John is a well-established and popular public speaker, informative and enthuasiastic for general interest groups, authoritative and forensic in university lecturing. He is an Accredited Lecturer of The Arts Society, and has given talks for, among others, ENO, the Garsington and Glyndebourne festivals, BBC radio and the Royal Opera House (for whom he worked for 20 years).
John's writing has ranged from programme articles for interested non-specialists (for the ROH, ENO, Salzburg Festivals and others) right through to academic research, such as his groundbreaking PhD, chapters and articles in authoritative books, and peer-reviewed journal articles . His book on Andrew Lloyd Webber (Yale UP) is a core reference work on the repertory.
John has been fascinated by music and the stage all his life. He is a leading expert in British musical theatre (the subject of his PhD). He is especially known for exploring musicals in the light of society and culture to reveal what makes them so appealing, enduring and important. John has written widely on opera, and worked for the Royal Opera House for two decades.
The British musical in its formative years has appeared in strikingly different guises: from the lasting hits of Oliver!, and Me and My Girl, to the successes of The Dancing Years, Bless the Bride and Expresso Bongo.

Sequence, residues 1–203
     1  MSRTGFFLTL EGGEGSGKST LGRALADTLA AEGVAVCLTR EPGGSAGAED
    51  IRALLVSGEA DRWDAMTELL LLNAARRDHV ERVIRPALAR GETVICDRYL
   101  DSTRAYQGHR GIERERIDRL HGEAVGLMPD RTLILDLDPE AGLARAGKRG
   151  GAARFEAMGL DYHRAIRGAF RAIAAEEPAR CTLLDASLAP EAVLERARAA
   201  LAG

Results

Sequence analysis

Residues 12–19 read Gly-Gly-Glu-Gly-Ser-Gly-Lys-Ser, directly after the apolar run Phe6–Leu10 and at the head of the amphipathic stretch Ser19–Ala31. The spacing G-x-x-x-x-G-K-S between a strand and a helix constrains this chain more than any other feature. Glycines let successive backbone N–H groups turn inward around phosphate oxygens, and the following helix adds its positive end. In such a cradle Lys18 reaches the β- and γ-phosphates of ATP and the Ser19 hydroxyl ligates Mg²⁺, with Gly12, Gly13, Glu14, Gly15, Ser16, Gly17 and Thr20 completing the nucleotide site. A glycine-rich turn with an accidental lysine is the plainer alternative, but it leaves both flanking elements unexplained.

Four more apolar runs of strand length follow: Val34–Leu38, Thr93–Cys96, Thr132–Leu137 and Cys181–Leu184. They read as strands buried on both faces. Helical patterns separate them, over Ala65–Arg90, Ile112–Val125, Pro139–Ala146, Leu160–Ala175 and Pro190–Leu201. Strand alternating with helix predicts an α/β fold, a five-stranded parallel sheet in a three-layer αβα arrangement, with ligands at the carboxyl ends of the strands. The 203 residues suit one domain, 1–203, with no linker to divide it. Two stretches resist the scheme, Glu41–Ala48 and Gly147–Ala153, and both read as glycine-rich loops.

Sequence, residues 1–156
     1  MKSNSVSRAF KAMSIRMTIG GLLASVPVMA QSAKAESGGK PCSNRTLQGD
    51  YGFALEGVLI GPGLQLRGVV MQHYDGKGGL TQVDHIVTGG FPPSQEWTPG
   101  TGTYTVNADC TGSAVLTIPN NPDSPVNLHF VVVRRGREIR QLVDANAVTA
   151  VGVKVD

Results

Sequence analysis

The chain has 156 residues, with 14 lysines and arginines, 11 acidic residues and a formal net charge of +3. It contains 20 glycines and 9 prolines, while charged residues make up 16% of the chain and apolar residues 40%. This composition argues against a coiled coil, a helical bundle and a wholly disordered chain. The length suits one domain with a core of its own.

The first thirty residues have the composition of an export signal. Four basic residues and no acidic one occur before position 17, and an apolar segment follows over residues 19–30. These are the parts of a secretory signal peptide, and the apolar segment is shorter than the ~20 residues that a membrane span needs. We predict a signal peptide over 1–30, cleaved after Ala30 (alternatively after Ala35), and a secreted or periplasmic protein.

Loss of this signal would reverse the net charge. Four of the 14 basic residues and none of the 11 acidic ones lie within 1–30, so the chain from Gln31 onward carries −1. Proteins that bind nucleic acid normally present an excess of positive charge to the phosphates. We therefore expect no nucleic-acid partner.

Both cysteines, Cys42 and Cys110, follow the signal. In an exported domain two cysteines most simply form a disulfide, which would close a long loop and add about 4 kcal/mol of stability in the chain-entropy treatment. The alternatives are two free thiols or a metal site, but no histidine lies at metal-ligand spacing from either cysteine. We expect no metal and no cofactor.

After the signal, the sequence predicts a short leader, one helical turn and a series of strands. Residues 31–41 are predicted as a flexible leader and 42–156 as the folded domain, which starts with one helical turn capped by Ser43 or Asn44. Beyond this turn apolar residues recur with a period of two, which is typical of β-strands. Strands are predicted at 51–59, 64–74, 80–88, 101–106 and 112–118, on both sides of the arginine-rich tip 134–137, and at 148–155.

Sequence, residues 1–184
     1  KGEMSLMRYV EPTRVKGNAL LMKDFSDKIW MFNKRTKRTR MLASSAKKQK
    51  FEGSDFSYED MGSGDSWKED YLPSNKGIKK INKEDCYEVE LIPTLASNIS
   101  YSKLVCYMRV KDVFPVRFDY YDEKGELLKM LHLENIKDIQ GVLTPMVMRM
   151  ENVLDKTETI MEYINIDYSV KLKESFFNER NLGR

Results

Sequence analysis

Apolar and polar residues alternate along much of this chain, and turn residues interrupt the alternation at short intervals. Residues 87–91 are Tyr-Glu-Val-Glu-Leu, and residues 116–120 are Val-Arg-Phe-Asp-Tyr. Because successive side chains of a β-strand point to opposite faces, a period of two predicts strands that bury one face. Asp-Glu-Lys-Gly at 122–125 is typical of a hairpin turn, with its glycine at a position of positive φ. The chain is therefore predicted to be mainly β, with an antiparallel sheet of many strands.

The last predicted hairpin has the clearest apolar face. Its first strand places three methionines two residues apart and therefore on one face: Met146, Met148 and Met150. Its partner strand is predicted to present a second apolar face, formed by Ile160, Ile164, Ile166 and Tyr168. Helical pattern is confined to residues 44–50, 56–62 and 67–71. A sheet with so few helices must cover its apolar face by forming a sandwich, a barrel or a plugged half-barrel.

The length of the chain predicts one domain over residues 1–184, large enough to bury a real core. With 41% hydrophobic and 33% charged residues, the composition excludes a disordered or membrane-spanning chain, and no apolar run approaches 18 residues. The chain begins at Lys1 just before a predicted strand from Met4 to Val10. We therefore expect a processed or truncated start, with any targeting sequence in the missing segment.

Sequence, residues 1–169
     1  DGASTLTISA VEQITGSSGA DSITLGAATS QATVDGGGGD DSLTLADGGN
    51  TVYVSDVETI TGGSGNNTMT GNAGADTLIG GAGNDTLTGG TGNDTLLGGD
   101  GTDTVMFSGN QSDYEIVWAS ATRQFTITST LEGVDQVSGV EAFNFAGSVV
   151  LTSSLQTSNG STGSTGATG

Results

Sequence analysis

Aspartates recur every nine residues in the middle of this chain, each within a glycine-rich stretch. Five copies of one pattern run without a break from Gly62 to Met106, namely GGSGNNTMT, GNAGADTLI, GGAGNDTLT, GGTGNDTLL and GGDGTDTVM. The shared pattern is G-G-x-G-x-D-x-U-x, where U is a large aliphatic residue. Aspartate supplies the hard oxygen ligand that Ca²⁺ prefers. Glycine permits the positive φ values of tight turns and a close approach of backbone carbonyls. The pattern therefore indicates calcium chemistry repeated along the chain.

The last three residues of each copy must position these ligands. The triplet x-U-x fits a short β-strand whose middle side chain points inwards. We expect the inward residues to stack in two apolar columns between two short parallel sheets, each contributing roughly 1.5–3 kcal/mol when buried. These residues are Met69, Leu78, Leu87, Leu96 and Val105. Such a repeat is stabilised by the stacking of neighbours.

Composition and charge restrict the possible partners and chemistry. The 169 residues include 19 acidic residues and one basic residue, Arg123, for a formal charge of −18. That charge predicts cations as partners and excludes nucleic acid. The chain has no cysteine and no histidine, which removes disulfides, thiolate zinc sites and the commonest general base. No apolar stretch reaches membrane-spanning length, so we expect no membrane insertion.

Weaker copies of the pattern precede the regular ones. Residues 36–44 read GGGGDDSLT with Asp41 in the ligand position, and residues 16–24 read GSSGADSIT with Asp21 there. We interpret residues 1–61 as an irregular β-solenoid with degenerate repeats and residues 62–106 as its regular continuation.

This authoritative study traces what made these shows successes in the West End and how their qualities define a uniquely British interpretation of the genre. Cultural, sociological and political influences entwine with close reading of the dramatic and musical elements of this repertory to reveal a fascinating web of connections and contrasts between the times, the shows and the people who made them.
Through detailed case studies, such as of The Boy Friend and Bitter Sweet, the rich individuality of each West End work is spotlighted, posing vital questions and intriguing answers as to what a British musical can be. Interdisciplinary in nature, this study brings together all the core materials to discover this period in the story of the British musical. Reviewing the Situation is insightful and lively, an invaluable resource for students and scholars of musical theatre and all those theatregoers drawn to the power of these classic British shows.